American Heritage® Dictionary of the English Language, Fourth Edition
- n. The act, process, or ceremony of consecrating.
- n. The state of being consecrated.
Century Dictionary and Cyclopedia
- n. The act of consecrating, or separating from a common to a sacred use; the act of devoting or dedicating a person or thing to the service and worship of God by certain rites or solemnities: as, the consecration of the priests among the Israelites; the consecration of the vessels used in the temple; the consecration of the elements in the eucharist; the consecration of a church.
- n. Specifically Eccles.: The act of conferring upon a priest the powers and authority of a bishop; the rite or ceremony of elevation to the episcopate. In the Roman Catholic, in the Greek and other Oriental churches, and in the Anglican Church, imposition of hands by a bishop for the purpose of making the candidate a bishop is held to be essential to consecration, and the rule is that at least three bishops shall unite in the act, as directed by the fourth canon of the first Council of Nicæa, a. d. 325.
- n. The act of giving the sacramental character to the eucharistic elements of bread and wine. According to the Roman Catholic and the Anglican Church the essential act of eucharistic consecration consists in the recital of the words of institution over the elements by a priest.
- n. The prayer used to consecrate the eucharistic elements. In its fullest form it consist of three parts: the institution; the oblation, called distinctively the great oblation; and the epiclesis or invocation.
- n. The act of placing a particle of the consecrated bread or host in the chalice; the commixture (which see).
- n. Devotion or dedication from deep feeling, especially from a religious motive: as, the consecration of one's self to the service of God, or of one's energies to the search for truth.
- n. In Roman history, the ceremony of the apotheosis of an emperor.
GNU Webster's 1913
- n. The act or ceremony of consecrating; the state of being consecrated; dedication.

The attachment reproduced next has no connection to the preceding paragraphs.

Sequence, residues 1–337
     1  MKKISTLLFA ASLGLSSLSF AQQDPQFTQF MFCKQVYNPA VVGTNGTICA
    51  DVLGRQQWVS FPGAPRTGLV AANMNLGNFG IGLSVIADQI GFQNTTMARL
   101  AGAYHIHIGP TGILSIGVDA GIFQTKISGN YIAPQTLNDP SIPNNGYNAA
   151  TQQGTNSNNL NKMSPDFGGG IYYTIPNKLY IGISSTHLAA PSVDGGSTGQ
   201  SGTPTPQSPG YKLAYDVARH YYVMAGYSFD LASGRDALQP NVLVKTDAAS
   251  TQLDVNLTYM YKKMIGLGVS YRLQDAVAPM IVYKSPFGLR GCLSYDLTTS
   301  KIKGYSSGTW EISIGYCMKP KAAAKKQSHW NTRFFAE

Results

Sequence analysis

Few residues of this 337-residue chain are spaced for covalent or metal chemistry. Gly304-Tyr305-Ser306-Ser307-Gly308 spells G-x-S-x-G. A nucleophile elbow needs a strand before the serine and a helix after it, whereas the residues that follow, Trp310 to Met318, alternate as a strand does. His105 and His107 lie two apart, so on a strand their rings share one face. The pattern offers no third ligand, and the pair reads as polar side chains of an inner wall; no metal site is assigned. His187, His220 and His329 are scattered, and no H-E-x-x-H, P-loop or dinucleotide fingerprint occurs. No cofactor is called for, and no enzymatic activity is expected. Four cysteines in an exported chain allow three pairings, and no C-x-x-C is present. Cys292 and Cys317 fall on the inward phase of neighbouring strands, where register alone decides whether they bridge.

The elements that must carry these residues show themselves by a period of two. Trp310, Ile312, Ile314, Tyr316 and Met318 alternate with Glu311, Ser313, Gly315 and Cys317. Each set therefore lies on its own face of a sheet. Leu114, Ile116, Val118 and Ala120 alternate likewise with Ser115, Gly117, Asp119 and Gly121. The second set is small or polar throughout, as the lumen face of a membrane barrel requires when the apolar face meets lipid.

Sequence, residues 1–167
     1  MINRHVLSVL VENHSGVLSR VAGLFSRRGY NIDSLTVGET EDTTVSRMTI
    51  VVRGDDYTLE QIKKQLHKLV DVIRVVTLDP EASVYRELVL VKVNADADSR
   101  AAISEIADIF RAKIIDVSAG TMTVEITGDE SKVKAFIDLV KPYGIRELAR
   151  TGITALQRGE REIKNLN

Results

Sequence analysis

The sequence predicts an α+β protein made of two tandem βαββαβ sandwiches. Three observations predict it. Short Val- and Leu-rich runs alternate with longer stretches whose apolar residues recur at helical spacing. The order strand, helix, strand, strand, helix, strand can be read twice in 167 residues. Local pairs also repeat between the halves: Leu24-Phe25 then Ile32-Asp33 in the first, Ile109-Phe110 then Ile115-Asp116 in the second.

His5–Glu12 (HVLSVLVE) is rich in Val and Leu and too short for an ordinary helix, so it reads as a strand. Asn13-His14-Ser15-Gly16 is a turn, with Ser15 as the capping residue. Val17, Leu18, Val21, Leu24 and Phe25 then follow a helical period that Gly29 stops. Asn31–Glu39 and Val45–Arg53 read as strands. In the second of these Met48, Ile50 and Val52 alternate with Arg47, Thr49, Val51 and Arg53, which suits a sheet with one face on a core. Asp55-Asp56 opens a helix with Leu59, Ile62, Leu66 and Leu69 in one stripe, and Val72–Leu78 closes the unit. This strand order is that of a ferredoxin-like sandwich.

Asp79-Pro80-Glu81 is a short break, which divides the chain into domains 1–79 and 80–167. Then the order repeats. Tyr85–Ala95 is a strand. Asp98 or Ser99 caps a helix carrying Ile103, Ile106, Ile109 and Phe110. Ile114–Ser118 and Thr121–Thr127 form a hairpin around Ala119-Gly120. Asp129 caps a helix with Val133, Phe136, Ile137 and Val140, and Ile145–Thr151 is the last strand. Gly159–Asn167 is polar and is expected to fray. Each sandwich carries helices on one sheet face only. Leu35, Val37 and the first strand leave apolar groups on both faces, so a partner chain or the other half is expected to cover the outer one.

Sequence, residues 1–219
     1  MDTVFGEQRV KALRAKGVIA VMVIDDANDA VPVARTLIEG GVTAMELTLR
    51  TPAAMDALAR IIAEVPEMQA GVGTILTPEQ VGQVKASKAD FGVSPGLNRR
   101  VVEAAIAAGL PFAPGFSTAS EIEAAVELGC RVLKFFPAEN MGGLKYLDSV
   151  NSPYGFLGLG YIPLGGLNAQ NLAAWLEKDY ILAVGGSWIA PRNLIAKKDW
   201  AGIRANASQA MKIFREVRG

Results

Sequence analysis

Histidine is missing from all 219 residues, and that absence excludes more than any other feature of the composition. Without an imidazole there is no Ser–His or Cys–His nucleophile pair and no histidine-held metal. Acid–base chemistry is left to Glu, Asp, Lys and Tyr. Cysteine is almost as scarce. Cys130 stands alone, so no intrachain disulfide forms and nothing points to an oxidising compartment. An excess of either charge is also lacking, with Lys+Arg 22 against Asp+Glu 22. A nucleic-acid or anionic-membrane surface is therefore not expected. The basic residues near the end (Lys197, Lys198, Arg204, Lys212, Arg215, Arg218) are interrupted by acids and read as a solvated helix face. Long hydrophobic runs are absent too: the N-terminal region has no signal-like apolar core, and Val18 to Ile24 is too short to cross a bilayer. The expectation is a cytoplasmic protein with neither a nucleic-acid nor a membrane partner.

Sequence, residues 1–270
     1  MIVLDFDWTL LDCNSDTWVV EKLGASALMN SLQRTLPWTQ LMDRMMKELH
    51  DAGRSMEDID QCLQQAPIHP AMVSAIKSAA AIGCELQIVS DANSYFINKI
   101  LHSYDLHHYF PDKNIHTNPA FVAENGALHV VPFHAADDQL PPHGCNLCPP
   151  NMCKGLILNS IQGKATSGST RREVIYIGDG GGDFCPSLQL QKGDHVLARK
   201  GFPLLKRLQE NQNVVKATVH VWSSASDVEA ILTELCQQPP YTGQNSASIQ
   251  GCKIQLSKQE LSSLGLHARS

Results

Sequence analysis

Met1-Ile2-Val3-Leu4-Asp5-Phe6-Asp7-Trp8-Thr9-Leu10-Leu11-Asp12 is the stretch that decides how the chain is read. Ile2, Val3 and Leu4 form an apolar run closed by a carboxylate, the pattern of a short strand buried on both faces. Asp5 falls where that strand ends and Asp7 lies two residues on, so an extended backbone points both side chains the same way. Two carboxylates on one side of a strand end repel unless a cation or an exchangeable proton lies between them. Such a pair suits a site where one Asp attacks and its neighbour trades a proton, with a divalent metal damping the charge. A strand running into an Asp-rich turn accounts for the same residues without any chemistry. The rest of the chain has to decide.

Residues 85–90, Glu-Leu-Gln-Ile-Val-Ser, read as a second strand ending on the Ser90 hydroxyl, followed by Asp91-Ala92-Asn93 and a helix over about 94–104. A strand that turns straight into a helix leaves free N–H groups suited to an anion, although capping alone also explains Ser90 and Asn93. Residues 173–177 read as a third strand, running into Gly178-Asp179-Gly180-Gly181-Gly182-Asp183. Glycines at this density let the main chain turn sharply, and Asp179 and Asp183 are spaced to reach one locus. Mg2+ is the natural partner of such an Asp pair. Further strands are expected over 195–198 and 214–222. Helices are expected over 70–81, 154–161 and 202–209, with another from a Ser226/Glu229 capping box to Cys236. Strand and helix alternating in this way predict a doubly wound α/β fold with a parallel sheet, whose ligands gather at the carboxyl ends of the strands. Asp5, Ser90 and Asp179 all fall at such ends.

- n. a solemn commitment of your life or your time to some cherished purpose (to a service or a goal)
- n. (religion) sanctification of something by setting it apart (usually with religious rites) as dedicated to God
- From Latin cōnsecrātiō (Wiktionary)
“This is what the term consecration properly means.”
“May God bless you every day and give you soon the blessed assurance that your consecration is accepted and that your name is registered with the sanctified and pure of earth and the Redeemed and happy in heaven, is the humble and fervent prayer of your Devoted and Loving”
“Capitol Hill police barred them from entering the room to continue what they called a consecration service.”
“The first Sunday in every month we have what we call our consecration meeting.”
“That which makes men capable of consecration is not a disorder of the mind and body.”
“So the letter had been delivered and the sacrifice was accomplished: a deathlike sweat broke out upon his forehead, and as he raised his hands in consecration his secret prayer was that the offering of his own flesh and blood might be accepted.”
“The consecration is the corporate act of the whole Church.”
“As a new solemnity, the feast of consecration is to prepare for the passover; so the passover itself is to have different sacrifices from those of the Mosaic law.”
“In the future, there may be opportunities to have many variations of the one family of the Roman Rite (cf. the liturgies of the different Religious Orders), as there had been throughout the long history of the Latin Church, but it would be necessary that the Ordinary Form of the Roman rite should rediscover the classical sources of Roman liturgy as such -- for example, practically, the use of the Roman Canon has to be strengthened in the newer form and, further, adopting into it the words of consecration from the Extraordinary Form in order to show the unity between the two forms.”
“This constitutes a special consecration, which is deeply rooted in that of baptism and expresses it more fully.”
These user-created lists contain the word ‘consecration’.
mass, infallibility, inerrancy, communicable attr..., incommunicable at..., fortuitous incarn..., atonement, hypostatic union, mystical union, spirit-baptism, sanctification, indwelling and 90 more...
A list of words that are odd or words that I have looked up.
Due to my absolute ignorance of masonry and masonic terms, this list is shamelessly copied from this masonic dictionary.
Feel free to add words (as soon as I complete my transcription).
Words as I learn them.
R. Peter Jackson's list
The ones with which I flavor my speech, and the ones I love to find peppered in literature.
...all my favorite words...
Hopefully, I'll be using this site for more than one year. It will be fun then to look back and see what new words I found worthy of notice in any given year.
All words spotted in 2008...
All my favorite new words from his book.
For my paper arguing that the Supreme Court building's architecture reinforces justices egotheist attitudes and affects their behavior.
pick'n and choose'n the words I heard in or about church
Looking for tweets for consecration.